States make way for low speed vehicles

More and more permit them to travel on state roads where speed limits are low.

By , Staff writer of The Christian Science Monitor

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    Parking-enforcement officers in Belmar, N.J, a town of about 6,000, use ‘neighborhood electric vehicles’ to save money and be green. Belmar’s mayor began the trend back in 2004.
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Ken Pringle could be driving his Jaguar. But the senior elected official in Belmar, N.J., mostly chooses to silently cruise town roads at 25 miles per hour – top speed for his all-electric “Mayor-mobile.”

That’s what kids in his tiny, oceanside borough dubbed Mayor Pringle’s bulbous “neighborhood ­electric vehicle” or NEV after he bought it on eBay for $5,000 in 2004.

Way back then, gas was just $2 a gallon and only a couple of dozen states allowed NEVs on state roads where the speed limit was under 35 miles per hour. But now, with gas hovering around $4 a gallon, more states are moving to allow them and Pringle’s NEV predilection looks prophetic.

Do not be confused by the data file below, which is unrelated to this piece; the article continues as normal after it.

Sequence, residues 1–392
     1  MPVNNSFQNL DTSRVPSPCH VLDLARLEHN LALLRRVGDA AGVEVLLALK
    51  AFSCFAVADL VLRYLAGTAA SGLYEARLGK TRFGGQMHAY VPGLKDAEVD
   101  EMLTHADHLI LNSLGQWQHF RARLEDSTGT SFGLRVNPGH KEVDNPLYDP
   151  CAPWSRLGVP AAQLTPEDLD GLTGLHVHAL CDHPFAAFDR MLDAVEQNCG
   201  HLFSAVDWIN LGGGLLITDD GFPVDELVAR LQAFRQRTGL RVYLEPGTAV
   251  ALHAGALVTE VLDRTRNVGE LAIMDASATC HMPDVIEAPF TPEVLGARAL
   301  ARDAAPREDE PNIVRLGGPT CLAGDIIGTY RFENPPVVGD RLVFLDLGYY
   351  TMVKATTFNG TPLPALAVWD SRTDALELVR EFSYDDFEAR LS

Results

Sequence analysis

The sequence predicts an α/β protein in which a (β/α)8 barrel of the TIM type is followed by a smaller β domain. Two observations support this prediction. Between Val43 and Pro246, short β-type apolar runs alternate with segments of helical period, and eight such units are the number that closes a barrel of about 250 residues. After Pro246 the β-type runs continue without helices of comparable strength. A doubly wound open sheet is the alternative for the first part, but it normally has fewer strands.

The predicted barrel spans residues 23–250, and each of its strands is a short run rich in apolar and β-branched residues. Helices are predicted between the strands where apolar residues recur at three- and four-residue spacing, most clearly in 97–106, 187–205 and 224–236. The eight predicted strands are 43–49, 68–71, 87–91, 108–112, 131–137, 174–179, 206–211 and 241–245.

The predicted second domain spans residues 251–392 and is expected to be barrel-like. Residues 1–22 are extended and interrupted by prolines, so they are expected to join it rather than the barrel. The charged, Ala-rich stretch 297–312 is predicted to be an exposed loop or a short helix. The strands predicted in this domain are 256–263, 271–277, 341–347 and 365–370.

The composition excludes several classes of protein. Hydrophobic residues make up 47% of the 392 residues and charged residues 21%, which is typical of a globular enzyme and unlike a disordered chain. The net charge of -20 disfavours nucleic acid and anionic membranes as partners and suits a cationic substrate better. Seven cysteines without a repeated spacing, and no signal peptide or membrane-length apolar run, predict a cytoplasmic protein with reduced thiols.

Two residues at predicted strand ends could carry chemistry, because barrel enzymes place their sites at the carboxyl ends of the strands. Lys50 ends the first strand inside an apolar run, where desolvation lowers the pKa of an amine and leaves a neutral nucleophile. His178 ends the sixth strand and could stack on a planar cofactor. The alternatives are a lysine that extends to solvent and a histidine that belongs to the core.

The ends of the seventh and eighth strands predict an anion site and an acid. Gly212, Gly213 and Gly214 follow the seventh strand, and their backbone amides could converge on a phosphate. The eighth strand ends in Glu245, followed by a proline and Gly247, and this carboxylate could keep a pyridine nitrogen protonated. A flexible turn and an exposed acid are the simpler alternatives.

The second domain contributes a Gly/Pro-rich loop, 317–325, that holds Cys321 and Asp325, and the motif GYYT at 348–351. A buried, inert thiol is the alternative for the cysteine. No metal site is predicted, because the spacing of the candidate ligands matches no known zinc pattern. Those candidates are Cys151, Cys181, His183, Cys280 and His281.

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That’s right: In America, land of the muscle car, the hot new way to strut your stuff on the road is gliding in electric near-silence at 25 miles per hour. From Belmar to Lincoln, Calif., the big car buzz is all about down-shifting to the slow lane.

At least 40 states have now passed laws to permit NEVs to operate on many state roads with more working on new regulations. Meanwhile, some 40,000 NEVs are operating nationwide, says the Electric-Drive Transportation Association. Kentucky and Massachusetts are considering regulations to permit low-speed vehicles (LSVs) on state roads. LSV is a federal designation that includes NEVs, and also some gas-powered vehicles.

Federal standards established for LSVs in 1998 set equipment requirements and operating standards. What separates NEVs from golf carts, for instance, includes minimum vehicle speed of 20 miles per hour and a top speed of 25 m.p.h. They must have windshield wipers, headlights, taillights, and turn signals, to name just a few differences.